Apologies for the quick post today. Haven’t much time.
But I found this post from Dave Long’s site (faithinfiction.blogspot.com) so intriguing, I couldn’t resist the chance to commandeer it and use it here. He’s talking about the state of Christian fiction, but he may as well be talking about the church, every Evangelical ministry in America, and anyone who’s ever picked up anything with a distinctly Christian flavor and sensed there was something rotten in Denmark:
“I hurt myself today, to see I still feel. I focus on the pain, the only that’s real…”
“All around gloomy guy Trent Reznor of Nine Inch Nails wrote that in his song, ‘Hurt.’ He’s on the other extreme of us, the guy who could use a shot of hope, a snug pair of fuzzy bunny slippers. We have to realize that we can become just as desensitized as Reznor if all we do is feed ourselves pablum endings. We need the good and bad. The yin and yang. The perfect sunsets and crappy, terrible days.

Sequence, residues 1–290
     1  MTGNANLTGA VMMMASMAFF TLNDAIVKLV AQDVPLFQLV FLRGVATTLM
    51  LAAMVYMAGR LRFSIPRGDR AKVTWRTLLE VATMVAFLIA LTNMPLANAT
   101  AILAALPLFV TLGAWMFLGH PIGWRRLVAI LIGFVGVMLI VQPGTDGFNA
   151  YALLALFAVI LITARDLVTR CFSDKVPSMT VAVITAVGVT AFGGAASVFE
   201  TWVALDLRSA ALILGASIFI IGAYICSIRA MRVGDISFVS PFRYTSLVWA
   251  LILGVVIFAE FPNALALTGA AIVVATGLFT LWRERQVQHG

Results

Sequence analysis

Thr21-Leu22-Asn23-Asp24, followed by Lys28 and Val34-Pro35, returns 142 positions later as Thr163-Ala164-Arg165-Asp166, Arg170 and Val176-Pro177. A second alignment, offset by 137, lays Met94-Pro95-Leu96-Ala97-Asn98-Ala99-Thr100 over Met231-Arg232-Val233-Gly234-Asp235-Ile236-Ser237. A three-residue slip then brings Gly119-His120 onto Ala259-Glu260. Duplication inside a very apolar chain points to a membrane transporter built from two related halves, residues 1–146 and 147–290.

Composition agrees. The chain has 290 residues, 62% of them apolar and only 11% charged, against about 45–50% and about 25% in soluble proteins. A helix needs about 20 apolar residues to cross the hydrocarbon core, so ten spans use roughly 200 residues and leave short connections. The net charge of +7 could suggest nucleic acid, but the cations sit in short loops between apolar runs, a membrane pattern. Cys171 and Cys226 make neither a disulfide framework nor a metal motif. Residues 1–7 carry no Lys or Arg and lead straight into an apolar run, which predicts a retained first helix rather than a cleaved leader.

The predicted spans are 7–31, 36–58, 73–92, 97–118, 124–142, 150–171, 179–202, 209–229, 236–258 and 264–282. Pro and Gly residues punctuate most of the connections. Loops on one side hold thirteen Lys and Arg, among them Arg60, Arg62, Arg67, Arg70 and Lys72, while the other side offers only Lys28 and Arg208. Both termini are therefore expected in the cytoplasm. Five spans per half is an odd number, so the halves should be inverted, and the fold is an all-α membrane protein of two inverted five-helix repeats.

“We need, in case you haven’t figured it out yet, some folks to come to a bad end.”
Happy endings in your typical Christian fiction are emblematic of the smiling veneer that passes for Christianity these days. What is a story without truth? What good does it serve? What redemption can be found if it sacrifices reality for nice, neat, and comfortable. And what, for that matter, does any of our “thinking of things pure and lovely” do for people when to do it, we sacrifice relevance with the larger culture?
To write a story for story’s sake is to live your life in a such as way as to be truthful to the work and not sell out to the idol of comfort and tasteless “pablum.”
Greg talked about this in his editorial this month, which covered Paul Elie’s book The Life You Save May Be Your Own: www.imagejournal.org/current/editorial.asp.
The status quo can change, but only if you want it to.